Concorde 2 is worlds away from Pharoahe Monch’s hometown district, Queens, New York. Walking through Brighton’s answer to a Queens hip-hop scene, the audience was predominantly largely middle class, white and male. But as Pharoahe Monche said later on in the gig ‘It’s not where you came from – it’s where you at ’ which seemed an appropriate comment in light of the different worlds colliding across the evening.


Rag ‘n Bone Man was the second support act to kick things off – and kick things off he certainly did. Dressed in baggy clothes, this bearded, ginger bloke did not match up with the voice that poured forth; that of a black, soul singer from Georgia that made the hair on your arms stand on end and sent shivers down your spine. It amazed everybody and members of the audience rushed in from the bar to see what the fuss was about. His rendition of ‘House of the Rising Sun’ was accompanied – and made original – by fellow (aggressive) rapper ‘Stig of the Dump – who looked exactly the same except not ginger. Stig of the Dump’s shouty, angry lyrics alongside Rag ‘n Bone Man’s soulful bursts shouldn’t have worked but did.

When Pharoahe Monche came on he seemed genuinely happy to be playing C2 and to be back in Brighton. This artist is well known for his eloquence, his intelligent lyrics and his ability to go against the grain.  He stormed some new material – as well as the classics including ‘Oh No’ and ‘Push’ though he’s hailed being more PC than his contemporaries, it’s not always true – especially in ‘Simon Says’. He finished up with the new track ‘Bad Motherfucker’ which is definitely a grower and features the lyrics:  ’Who put these pussies on top. Putting out that pussy music, call it pussy pop‘. What became clear was the amount of major hits he’s had – and it must feel a strange position for him to be in now, in that he’s partly in the wilderness as an independent artist after breaking with his record later ‘who fucked him over good.’ The struggle he often sings and raps about is just not just about racial or political engagement but about his work as an artist. You get the impression it’s not always been a smooth ride, professionally or otherwise.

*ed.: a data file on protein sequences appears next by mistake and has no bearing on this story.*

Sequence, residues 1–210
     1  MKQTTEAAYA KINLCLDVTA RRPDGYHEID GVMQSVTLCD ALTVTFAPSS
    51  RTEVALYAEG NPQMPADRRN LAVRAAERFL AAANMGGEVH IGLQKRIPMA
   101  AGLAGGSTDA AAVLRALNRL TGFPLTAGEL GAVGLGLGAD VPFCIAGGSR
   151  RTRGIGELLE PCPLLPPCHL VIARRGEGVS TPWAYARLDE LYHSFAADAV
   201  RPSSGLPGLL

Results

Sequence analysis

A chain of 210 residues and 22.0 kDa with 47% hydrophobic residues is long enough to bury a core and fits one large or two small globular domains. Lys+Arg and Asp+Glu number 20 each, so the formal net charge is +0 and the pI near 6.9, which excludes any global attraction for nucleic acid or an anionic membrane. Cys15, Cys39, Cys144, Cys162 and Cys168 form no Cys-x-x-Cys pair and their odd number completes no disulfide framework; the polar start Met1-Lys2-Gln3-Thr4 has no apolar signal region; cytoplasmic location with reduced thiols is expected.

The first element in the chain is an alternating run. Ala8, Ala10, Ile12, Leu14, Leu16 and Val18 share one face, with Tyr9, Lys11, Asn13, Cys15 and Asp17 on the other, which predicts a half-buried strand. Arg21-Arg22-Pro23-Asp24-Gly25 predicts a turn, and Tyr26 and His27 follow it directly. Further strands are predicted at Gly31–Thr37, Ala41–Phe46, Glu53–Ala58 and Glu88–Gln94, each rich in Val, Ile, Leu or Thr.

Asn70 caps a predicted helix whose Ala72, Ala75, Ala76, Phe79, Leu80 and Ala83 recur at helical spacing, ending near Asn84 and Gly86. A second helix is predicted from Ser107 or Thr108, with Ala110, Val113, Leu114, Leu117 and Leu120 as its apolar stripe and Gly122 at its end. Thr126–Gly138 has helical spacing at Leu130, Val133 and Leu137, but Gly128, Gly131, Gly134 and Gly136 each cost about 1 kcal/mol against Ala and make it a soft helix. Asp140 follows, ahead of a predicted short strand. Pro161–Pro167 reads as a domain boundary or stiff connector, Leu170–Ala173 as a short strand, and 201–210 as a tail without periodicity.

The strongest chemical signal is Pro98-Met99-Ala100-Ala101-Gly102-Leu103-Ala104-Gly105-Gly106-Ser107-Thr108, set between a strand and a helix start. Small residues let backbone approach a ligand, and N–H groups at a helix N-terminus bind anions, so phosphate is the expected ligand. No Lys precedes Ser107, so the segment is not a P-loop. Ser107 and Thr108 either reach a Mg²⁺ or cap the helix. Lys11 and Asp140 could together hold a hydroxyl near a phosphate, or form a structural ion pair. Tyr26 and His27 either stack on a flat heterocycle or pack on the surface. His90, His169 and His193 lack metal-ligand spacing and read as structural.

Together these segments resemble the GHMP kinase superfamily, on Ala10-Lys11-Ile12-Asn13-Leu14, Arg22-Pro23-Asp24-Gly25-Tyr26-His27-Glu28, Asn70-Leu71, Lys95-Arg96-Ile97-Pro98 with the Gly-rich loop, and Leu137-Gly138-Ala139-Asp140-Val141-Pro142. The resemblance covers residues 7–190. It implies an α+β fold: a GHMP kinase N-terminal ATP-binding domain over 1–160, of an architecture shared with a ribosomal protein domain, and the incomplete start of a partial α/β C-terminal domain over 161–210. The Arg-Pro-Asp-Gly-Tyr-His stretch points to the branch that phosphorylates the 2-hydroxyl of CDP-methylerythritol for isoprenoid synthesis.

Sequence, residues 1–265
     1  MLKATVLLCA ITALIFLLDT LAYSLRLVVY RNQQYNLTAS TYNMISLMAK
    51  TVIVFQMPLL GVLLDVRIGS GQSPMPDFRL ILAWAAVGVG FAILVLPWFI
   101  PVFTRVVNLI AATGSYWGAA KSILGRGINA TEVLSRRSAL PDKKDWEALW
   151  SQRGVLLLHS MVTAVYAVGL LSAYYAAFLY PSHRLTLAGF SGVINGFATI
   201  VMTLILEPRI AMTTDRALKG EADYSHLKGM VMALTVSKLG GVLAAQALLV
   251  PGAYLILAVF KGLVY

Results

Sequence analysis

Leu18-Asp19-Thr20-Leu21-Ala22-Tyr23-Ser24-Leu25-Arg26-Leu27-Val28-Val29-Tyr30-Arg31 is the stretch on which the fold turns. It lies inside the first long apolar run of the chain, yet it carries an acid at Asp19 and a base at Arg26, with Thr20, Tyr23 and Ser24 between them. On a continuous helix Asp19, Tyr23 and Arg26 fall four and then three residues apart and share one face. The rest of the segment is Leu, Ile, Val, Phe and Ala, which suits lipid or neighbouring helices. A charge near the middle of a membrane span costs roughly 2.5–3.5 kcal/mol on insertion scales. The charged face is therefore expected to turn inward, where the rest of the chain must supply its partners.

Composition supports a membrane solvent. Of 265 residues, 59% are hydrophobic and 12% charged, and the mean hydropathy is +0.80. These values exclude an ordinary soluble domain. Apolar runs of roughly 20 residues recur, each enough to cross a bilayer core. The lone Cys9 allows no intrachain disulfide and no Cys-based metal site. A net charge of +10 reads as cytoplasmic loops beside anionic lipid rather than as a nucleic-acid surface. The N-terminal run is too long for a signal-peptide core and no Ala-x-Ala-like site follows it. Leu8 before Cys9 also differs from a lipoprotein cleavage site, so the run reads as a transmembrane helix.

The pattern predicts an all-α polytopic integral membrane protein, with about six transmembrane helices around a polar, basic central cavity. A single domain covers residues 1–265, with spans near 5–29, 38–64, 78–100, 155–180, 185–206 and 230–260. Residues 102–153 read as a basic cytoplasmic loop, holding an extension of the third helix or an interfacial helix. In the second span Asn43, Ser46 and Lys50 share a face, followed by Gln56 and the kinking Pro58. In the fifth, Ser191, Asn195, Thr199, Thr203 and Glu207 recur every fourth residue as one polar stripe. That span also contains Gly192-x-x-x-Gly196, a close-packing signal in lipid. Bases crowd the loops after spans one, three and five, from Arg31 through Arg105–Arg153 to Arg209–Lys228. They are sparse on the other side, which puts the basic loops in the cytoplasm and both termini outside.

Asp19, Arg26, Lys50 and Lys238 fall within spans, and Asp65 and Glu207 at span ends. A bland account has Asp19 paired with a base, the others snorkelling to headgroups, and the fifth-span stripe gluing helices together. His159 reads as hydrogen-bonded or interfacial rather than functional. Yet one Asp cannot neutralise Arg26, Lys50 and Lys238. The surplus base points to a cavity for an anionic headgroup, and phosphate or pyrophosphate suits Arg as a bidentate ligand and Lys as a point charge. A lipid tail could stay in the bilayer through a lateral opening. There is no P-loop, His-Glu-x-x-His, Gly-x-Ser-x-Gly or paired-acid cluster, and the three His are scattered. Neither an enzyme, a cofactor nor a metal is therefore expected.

‘Brighton – this is the best gig I have ever played.’ Nobody believed him  but it was still nice to hear.

He’s not an imitator; unlike some hip hop stars / r and b acts who can sound like they’re disingenuous, these man’s lyrics come from the heart.

Pharoahe uses hip-hop for the means of polit­ical engage­ment – he doesn’t waste time rapping about fast cars or women but changing the system. His ability to stand up and make you listen is what he does best and he’s inclusive – he brings different walks of life together but unites them in his lyrics that move you and make you feel like you’ve witnessed something important.